Now that Samsung has unveiled its flagship handset for 2013, all eyes are on Apple as the tech world waits to see what it has in store for its next-generation iPhone. The word is it’s going to be an ‘S’ model, meaning it’ll likely only feature internal changes.
And a new report out of China this morning reaffirms that theory, claiming that components for the iPhone 5S will start shipping in Q3 of this year. It’s believed that the handset will offer an upgraded camera and processor, among other improvements…
“Components for the next-generation iPhone will start shipping at the end of May with the new smartphone to have a chance of showing up in the third quarter, according to sources from the upstream supply chain.
The sources pointed out that if the components are all shipped smoothly, manufacturers should be able to deliver the new iPhones to retail channels in 1-2 weeks for them to be ready to sell in the third quarter.
The iPhone 5S is expected to feature a higher-end processor as well as higher-megapixel camera modules, the sources said.”
While it’s true that DigTimes is notorious for its hit-or-miss track record, it’s worth pointing out that the outlet has also been right on a number of occasions. Besides, today’s report falls in line with pretty much everything we’ve heard about the 5S to this point.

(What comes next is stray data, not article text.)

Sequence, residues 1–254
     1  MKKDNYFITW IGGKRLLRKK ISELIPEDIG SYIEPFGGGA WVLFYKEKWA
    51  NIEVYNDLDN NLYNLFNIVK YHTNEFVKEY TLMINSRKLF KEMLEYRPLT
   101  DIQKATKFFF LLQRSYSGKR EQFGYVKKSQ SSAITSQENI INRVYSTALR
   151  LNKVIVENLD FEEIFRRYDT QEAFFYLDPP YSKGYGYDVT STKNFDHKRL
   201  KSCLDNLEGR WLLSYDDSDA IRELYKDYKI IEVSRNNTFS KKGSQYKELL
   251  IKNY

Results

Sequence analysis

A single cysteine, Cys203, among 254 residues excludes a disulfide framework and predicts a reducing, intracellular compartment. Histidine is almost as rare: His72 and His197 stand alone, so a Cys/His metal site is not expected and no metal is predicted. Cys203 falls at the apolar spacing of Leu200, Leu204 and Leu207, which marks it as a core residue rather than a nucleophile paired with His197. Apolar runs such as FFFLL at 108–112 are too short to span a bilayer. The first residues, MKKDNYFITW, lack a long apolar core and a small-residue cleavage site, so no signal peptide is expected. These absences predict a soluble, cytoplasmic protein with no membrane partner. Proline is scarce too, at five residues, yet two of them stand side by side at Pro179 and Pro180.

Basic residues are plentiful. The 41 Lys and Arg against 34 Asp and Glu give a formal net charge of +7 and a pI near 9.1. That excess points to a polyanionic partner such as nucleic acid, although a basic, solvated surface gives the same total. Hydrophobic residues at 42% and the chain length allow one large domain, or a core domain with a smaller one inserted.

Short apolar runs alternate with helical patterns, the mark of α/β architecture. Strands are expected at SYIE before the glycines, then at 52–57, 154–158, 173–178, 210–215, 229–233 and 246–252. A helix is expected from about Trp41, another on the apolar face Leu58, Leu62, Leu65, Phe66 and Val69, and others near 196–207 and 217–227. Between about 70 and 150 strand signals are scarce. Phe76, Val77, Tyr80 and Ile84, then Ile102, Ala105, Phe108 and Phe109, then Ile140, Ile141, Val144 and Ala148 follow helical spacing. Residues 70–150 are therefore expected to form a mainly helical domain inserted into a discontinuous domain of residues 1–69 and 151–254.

KGI Securities analyst Ming-Chi Kuo and iMore’s Rene Ritchie—both of whom have been fairly accurate in the past—are both reporting that the 2013 iPhone will land sometime during the summer, featuring an improved camera system and other spec bumps.
Other reports have suggested that Apple is planning on using its newly acquired AuthenTec technology, adding both NFC and a fingerprint sensor to the new iPhone. And Morgan Stanley’s Katy Huberty promises the handset will offer at least one “killer feature.”
In addition to the iPhone 5S, Apple is also said to be working on a sub-$300 handset that’s expected to launch later this year. DigiTimes’ report actually mentions the device, but refers to it as a ‘rumor,’ suggesting it hasn’t seen any supply chain evidence of it yet.